2.1.3. Library Preparation

Importation: All the databases were saved as an SD file and imported to Maestro (Schrodinger, version 10.4) [59], which is an all-purpose molecular modeling environment. During the importation process, the chirality and the atom type of each compound were checked.
Ligand preparation using LigPrep: LigPrep (Schrodinger, version 3.6) [60], a program for preparing all-atom 3D structures of drug-like molecules, was used for many purposes: to refine the geometry of the ligands imported from the databases; to generate accurate, energy-minimized 3D molecular structures; to expand to tautomers, conformations and stereoisomers in order to produce broad chemical and structural diversity from each input structure and predict protonation states. The 3D structures were minimized using OPLS 2005 [61]; to generate ionization states, Epik [62,63,64] was used in order to simulate the physiological pH. In many cases, the compounds contained water molecules or ions; these extra molecules were removed with the Desalt option.
The generated tautomer options were also used in order to generate up to eight tautomers per input structure. Regarding the set stereoisomer options, the choice of retaining the specified chirality to keep this information from the input file and fixing the chirality for the entire calculation was made. The number of stereoisomers generated was limited to 32 per ligand. From a 2D structure, it is not immediately obvious which ring conformations give the lowest energy or are preferred for binding to an active site. Therefore, it was decided to generate one low-energy ring conformation per ligand with LigPrep. The final output was in the Maestro format to keep the total information calculated for all the compounds. For the VS, the compounds were selected according to their molecular weight (300–700 Da) and lipophilicity (4–6) using the property calculation tool from Maestro.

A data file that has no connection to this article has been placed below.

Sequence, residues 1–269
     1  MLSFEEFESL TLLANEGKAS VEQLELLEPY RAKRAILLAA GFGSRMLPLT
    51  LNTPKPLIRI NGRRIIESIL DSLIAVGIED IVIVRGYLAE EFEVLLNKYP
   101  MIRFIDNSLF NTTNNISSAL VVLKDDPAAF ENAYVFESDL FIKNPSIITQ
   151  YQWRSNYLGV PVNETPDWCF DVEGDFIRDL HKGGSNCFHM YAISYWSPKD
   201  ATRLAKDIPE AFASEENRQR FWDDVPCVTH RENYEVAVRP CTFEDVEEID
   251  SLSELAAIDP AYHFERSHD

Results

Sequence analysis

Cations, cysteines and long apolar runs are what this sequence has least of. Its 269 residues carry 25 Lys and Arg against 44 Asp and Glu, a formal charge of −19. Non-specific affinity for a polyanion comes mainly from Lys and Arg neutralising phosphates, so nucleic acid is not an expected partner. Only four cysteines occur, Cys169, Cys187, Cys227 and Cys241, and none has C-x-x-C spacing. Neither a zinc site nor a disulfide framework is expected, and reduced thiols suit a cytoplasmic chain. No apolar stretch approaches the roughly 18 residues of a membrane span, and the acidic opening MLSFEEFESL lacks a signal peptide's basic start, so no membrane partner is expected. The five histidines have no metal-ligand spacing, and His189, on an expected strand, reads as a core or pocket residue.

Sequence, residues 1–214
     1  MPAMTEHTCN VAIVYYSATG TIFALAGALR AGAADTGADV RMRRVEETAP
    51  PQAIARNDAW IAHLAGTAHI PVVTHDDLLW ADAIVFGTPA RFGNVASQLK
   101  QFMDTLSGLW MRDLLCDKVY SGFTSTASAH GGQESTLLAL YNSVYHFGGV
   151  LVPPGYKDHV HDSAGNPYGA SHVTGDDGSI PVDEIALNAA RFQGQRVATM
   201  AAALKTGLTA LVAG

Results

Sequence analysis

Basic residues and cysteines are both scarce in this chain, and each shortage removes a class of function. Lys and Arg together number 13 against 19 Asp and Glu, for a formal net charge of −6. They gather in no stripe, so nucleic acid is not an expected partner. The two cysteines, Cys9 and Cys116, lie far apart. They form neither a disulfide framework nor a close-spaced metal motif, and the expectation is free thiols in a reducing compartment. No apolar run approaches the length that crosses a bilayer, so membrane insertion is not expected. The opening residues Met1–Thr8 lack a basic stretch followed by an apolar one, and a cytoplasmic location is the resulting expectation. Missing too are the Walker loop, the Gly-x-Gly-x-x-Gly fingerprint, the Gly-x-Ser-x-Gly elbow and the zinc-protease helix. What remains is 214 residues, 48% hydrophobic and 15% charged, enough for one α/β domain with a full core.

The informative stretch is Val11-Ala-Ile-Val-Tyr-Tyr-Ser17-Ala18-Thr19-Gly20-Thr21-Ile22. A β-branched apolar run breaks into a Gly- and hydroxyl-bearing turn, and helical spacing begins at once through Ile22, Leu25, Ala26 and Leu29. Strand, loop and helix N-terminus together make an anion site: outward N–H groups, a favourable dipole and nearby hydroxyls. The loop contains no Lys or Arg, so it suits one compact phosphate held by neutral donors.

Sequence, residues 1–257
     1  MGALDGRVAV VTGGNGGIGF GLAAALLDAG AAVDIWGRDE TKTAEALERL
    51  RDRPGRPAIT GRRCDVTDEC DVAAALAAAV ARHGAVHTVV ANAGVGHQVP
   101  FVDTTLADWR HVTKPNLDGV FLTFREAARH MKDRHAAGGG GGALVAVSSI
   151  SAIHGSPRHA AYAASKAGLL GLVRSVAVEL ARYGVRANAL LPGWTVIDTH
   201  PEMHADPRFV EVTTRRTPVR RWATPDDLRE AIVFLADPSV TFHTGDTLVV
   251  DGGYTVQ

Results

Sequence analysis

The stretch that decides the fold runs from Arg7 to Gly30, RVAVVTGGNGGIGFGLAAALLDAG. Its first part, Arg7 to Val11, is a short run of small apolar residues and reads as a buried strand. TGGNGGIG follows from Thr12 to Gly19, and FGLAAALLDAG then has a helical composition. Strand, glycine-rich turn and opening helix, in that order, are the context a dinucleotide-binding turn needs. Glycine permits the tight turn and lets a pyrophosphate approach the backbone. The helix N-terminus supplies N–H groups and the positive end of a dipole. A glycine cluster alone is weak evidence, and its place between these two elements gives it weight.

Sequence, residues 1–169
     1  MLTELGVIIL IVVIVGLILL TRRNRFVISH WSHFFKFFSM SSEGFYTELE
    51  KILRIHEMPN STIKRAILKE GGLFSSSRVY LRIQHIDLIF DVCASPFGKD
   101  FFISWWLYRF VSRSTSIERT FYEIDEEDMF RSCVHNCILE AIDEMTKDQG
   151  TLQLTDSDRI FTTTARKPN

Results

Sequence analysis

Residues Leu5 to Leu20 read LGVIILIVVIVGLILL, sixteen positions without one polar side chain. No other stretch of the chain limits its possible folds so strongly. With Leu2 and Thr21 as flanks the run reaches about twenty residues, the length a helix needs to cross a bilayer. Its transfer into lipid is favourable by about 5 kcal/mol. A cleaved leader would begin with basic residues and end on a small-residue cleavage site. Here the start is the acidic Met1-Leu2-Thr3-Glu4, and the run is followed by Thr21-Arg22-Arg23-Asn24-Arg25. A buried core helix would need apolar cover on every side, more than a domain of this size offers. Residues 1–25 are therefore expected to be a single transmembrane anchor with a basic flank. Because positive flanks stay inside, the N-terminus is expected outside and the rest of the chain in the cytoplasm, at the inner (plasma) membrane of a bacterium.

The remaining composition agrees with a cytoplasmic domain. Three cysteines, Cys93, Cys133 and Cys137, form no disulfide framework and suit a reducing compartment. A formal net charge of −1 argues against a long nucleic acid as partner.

We considered the following filters:
  • Lipophilicity of the molecules: a maximum logP of 6 was considered taking into account that the natural LPSs and the reported synthetic glycolipids have a very high logP: 29.14 ± 0.83, 14.35 ± 0.73, and 13.53 ± 0.47 for lipid IVa, P01, and ONO-4007, respectively. This limit is within a reasonable margin above the value of 5 according to Lipinski’s rule (oral bioavailability) [65].